A charismatic Ann O’Gorman lost her first born, Evelyn, after four weeks, in the Bessborough mother-and-baby home in 1971. She still does not know where Evelyn is buried. Her anxiety because of this withheld information keeps her up at night.

Later, O’Gorman became pregnant a second time. “After she gave birth to her son she decided she would escape with him. She sneaked into the nursery and grabbed her son. Then she just walked and walked, out through the gates and all the way to the train station with the baby in her arms, praying no one would stop her.” They didn’t.

O’Gorman wasn’t the only one to escape from the mother-and-baby homes. Nor is she the only woman to plead that she deserves to know where her child is buried.

“We can’t move forward until we find out where these children are buried. We need to recognise them in their death. We don’t even know how they died. This is wrong,” says Catherine Coffey, who ran away from Bessborough in 1986, as a teenager.

Hogan says that it is, as yet an “untold story” why the nuns acted the way they did, overseeing a regime of babies taken from their mothers, neglected, many of them dying of malnutrition and buried secretly in a septic tank.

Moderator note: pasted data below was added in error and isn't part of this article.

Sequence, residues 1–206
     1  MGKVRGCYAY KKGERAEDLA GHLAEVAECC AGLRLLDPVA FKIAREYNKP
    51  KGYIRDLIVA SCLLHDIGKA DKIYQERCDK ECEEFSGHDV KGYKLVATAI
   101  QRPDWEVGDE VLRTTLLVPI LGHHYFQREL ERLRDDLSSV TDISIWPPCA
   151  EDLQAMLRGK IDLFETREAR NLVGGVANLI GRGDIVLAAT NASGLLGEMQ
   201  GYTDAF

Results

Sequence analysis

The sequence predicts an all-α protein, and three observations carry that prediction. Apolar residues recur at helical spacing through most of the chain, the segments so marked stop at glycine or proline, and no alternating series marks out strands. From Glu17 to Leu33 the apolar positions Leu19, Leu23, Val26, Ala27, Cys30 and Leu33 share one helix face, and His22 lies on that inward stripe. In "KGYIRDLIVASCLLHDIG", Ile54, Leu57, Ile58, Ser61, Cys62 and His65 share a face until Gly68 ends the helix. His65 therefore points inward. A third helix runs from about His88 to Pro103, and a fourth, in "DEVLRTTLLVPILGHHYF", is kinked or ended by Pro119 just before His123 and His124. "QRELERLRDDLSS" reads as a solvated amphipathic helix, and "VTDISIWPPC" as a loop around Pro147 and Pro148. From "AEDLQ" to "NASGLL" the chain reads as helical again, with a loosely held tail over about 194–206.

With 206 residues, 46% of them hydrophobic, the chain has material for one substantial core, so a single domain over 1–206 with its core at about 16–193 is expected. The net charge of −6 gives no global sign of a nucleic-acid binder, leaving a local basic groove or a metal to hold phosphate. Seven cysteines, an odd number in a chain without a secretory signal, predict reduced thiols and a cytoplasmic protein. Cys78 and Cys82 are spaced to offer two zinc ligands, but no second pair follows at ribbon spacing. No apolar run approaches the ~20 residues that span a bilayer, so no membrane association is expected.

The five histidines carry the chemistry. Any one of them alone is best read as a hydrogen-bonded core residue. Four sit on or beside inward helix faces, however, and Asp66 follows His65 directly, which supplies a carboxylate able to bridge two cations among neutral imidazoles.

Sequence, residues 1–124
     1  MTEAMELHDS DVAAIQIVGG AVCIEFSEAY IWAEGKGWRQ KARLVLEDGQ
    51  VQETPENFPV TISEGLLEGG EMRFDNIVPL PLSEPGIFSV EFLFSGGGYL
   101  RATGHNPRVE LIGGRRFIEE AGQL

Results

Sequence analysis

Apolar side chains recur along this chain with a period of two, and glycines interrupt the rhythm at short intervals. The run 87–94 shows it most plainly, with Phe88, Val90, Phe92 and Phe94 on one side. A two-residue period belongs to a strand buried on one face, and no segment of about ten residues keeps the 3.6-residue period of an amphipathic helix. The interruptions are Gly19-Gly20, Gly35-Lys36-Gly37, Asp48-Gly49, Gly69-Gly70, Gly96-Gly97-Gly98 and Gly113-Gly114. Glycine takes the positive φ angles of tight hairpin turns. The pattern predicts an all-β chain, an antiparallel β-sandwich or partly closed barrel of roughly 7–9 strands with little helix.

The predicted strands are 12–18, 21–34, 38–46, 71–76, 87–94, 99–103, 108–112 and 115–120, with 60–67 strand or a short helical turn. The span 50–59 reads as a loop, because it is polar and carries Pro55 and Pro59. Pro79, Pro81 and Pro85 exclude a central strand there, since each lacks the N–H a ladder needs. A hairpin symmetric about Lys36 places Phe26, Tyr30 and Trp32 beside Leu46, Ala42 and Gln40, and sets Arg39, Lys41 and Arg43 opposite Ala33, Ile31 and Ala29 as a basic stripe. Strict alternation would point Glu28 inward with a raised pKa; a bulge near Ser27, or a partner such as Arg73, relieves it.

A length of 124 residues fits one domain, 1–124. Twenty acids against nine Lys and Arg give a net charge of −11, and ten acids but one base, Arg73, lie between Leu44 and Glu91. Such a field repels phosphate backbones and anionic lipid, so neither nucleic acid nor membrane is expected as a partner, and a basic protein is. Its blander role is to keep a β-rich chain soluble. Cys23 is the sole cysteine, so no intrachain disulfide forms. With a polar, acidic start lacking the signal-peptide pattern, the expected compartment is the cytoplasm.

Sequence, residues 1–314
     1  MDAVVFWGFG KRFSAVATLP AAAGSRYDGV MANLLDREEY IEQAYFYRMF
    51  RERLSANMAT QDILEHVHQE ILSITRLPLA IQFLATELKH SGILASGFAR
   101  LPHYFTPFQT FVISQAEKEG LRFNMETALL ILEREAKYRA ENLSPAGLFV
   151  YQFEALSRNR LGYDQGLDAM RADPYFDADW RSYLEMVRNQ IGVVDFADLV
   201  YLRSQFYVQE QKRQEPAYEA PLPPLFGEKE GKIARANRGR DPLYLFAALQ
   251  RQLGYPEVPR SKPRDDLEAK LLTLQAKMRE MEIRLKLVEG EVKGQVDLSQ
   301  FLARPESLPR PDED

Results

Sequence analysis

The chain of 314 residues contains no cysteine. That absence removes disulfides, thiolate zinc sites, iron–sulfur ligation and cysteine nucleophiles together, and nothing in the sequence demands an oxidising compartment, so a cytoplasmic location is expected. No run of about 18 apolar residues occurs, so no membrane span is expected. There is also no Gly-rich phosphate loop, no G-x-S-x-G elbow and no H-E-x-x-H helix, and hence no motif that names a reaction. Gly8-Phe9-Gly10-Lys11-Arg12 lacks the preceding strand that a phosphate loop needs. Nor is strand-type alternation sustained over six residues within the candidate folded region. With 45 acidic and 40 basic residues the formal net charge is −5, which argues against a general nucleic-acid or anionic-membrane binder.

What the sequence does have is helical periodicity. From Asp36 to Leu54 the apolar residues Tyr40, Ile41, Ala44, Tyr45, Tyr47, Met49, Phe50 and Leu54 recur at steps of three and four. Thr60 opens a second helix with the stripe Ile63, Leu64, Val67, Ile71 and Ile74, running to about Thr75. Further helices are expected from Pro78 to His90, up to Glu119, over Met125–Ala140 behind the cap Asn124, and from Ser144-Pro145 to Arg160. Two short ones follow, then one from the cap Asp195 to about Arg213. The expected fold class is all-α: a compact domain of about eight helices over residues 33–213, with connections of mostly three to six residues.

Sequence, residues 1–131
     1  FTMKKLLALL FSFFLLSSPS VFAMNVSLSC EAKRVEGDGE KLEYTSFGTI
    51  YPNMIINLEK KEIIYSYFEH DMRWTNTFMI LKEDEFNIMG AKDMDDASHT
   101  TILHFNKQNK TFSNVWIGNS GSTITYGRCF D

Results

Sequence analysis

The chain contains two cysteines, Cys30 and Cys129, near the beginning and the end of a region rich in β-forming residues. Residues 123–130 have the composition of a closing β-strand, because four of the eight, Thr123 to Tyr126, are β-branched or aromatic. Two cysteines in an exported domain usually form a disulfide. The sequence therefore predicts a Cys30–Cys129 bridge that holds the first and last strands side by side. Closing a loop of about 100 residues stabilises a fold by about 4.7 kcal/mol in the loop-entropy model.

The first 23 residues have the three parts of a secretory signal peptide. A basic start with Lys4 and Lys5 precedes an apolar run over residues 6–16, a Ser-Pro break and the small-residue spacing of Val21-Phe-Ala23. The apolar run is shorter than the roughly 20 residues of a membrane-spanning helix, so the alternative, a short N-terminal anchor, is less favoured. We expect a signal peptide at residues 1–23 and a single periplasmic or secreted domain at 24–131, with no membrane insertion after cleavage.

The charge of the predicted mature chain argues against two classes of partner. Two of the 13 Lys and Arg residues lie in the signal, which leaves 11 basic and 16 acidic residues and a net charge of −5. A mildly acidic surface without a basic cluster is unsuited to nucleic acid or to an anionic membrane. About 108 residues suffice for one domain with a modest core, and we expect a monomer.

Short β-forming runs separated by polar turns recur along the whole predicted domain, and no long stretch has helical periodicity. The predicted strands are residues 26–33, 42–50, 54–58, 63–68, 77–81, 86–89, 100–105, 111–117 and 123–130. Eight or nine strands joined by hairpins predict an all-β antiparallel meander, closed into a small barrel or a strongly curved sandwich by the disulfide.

The mother-and-baby homes were not an aberration, but a part of the fabric of our society, woven from traditions that stretched way back into our history, to before the Famine – to foundling hospitals, workhouses, and the like.

In the years before the foundation of the Free State, Hogan notes, the number of mother-and-baby homes rose sharply. And then the Ireland of the Free State, and later the Republic, was a patriarchal society in the grip of an ideological fervour of Catholic shame and guilt, overseen by an unaccountable kleptocracy of privileged men.

The story has not ended yet, either. As Hogan discussed with Father Ger Nash, there are still institutional abuses happening across Ireland.

There are echoes of the mother-and-baby homes in the direct-provision system, which keeps many asylum seekers in a state of enforced poverty. They are socially policed, infantilised – and, in many cases, kept far away from the rest of our society.

Much opposition to direct-provision centres – and to institutions such as family hubs or homeless hostels – seems driven not by genuine concern for the well-being of those who have to live in them, but by prejudice and bigotry and a failure of compassion. Plus ça change, we learn.

Hogan recounts how in 1937, a mother-and-baby home called St Patrick’s Guild opened on Herbert Avenue in the wealthy Dublin suburb of Merrion. Residents complained that “had they been allowed a say they would have ‘instantly protested’ against an ‘unwanted intrusion’ on their area”.

They proclaimed that “the absence of decent concealment … has produced … a conviction … that the neighbourhood has lost its former character of desirability”.

In Republic of Shame, Hogan sheds light on the darkest corners of our recent history in Ireland, but also holds up a mirror to today. It is a horrifying indictment of not only the Catholic Church but of the silence and inaction of too many in the face of the cruelty of inhumane institutions.

Christine O'Donnell is a charity worker and musician living in Dublin.